The fall semester may have just started, but we will be filling our enrollment shopping carts for the spring before we know it. We have sorted through all the emails from UC’s team of advisors to offer a guide to streamlining your schedule-planning process and to graduating on time. Note: some programs may require a more intensive advising process, but we are here to offer general tips and ideas for the average student.
Keep an eye on your degree audit
Your degree audit is a beautifully organized way to view the classes required for your declared academic program, along with your academic progress. The audit allows you to view the courses you have taken and the courses that are still required to finish your degree, listing every class option that could fulfill each requirement. Rachel Parks, the Senior Academic Advisor for Lindner College of Business, says that advisors work diligently to keep each student’s degree audit as accurate and updated as possible.
Meet with your academic advisor at least once an academic year
It is beneficial to everyone involved if you stay in regular contact with your advisor. When planning a study abroad or co-op, your advisor should be in the loop so they can help you stay on track accordingly.
Forgot who your advisor is? You can find this information on your catalyst account under the “My Academics” tab, at the bottom of your academic profile. You can schedule an appointment with your advisor via Starfish or email them directly.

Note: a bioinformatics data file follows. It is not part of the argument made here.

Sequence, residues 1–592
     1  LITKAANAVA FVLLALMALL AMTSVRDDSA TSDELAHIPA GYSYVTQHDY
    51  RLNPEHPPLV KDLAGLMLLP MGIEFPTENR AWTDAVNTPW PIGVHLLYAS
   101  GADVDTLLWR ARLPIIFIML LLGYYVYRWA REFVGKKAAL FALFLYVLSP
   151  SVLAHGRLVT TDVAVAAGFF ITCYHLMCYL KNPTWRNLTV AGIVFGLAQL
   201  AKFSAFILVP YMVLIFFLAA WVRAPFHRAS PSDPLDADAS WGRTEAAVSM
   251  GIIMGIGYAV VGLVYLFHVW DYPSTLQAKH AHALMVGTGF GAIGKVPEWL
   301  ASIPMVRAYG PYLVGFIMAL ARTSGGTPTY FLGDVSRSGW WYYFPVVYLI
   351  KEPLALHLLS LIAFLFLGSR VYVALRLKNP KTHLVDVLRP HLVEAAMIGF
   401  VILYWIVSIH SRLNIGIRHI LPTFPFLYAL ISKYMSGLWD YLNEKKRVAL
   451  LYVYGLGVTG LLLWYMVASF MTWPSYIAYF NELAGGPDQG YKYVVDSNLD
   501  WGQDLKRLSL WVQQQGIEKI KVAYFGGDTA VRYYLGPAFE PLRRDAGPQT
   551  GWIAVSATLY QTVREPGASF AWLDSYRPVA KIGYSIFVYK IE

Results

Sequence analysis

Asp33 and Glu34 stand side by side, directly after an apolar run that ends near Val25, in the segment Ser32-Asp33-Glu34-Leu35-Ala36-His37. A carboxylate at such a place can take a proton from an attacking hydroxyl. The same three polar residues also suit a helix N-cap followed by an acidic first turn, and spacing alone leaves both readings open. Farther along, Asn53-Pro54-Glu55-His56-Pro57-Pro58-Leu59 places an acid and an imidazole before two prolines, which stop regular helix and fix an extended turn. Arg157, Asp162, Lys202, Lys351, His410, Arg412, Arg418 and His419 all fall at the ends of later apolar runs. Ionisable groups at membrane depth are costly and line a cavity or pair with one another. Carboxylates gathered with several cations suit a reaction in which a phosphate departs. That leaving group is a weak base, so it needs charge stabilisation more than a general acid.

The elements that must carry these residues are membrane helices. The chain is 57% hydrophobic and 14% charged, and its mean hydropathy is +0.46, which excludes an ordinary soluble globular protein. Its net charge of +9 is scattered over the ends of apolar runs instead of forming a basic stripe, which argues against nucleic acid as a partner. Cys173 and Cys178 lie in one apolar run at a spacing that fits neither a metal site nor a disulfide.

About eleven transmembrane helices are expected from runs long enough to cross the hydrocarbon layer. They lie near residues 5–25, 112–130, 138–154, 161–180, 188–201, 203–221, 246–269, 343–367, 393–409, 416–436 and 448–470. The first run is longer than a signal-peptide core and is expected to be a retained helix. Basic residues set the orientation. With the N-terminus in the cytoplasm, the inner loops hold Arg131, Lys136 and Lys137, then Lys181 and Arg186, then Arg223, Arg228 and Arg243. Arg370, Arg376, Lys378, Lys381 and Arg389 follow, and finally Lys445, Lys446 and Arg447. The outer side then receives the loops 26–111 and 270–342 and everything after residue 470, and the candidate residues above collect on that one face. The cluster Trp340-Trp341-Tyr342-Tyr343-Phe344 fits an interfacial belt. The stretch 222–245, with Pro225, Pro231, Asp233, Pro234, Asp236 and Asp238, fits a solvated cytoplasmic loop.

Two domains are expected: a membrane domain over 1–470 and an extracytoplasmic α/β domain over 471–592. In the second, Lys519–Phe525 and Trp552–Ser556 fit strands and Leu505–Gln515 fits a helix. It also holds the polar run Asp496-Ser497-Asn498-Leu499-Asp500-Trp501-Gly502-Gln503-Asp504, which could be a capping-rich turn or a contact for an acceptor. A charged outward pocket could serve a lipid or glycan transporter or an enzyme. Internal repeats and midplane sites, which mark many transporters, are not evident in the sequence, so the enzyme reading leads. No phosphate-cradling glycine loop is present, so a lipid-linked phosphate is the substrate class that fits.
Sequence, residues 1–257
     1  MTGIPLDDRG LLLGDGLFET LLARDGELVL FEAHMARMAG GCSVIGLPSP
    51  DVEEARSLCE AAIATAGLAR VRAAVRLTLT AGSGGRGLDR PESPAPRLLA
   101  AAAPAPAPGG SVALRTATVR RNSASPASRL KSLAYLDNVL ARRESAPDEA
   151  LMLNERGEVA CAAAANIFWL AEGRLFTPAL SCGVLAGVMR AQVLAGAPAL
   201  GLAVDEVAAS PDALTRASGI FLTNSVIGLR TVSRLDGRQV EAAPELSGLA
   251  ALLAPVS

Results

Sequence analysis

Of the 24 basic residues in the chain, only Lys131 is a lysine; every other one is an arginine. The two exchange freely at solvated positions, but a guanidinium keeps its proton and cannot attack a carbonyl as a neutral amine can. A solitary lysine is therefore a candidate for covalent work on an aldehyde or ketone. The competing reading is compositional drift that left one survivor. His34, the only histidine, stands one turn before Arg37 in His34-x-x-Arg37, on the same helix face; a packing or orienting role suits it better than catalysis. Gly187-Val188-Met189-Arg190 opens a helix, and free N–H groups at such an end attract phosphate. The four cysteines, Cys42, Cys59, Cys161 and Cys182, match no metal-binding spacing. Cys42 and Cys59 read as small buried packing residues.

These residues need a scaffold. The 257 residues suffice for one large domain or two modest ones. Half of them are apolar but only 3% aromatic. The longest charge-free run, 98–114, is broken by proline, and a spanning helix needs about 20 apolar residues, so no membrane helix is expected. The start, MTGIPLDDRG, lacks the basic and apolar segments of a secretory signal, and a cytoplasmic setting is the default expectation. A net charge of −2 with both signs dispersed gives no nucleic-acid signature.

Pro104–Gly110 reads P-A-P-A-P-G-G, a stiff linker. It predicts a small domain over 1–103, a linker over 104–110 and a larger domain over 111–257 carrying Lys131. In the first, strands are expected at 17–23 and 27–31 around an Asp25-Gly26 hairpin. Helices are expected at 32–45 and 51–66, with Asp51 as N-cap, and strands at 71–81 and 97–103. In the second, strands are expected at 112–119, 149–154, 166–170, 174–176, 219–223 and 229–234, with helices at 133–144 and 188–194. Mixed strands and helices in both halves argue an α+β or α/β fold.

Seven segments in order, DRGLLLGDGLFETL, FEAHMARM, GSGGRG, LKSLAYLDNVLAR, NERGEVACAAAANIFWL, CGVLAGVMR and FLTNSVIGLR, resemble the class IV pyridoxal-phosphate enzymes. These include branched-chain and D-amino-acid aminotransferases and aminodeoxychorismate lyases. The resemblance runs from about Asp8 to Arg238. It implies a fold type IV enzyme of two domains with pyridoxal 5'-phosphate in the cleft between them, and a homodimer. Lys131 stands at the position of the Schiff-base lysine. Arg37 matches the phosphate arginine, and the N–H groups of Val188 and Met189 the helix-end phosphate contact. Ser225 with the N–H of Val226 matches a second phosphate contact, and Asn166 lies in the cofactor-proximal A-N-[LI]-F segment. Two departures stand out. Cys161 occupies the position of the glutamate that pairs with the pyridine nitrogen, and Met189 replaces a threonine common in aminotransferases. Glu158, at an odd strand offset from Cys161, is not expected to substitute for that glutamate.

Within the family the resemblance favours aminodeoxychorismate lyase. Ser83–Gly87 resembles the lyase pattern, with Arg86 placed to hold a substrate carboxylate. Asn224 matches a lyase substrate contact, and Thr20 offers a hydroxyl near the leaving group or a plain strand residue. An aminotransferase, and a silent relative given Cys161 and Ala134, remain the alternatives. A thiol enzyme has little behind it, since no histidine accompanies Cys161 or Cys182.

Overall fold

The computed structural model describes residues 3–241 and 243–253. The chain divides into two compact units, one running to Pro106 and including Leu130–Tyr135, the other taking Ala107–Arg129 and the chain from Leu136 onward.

Understand how enrollment times work
This year, students have access to the full listing of classes offered in spring 2021 by late September and are able to start filling their enrollment shopping carts and planning courses.
Keep an eye out in your email for a message regarding your “assigned enrollment time.” Enrollment times are assigned to allow students who are nearing graduation to choose the courses they need without the stress of waitlists. For more information on this process, visit the Office of the Registrar.
Pay attention to prerequisites
When filling your enrollment shopping cart, it is good to “validate” classes to ensure that you have completed any prerequisites.
“Academic planning is like a big puzzle,” said Parks, “so you want to make sure you know which puzzle piece is supposed to go first in order to complete the whole thing.”
Overall, keep an eye on your email and do your best to stay in open communication with your advisors and professors. If you have questions on class offerings or the enrollment process, ask as soon as possible. The university has compiled teams of advisors who are passionate about keeping students on-track for graduation and are ready to answer any question you may have.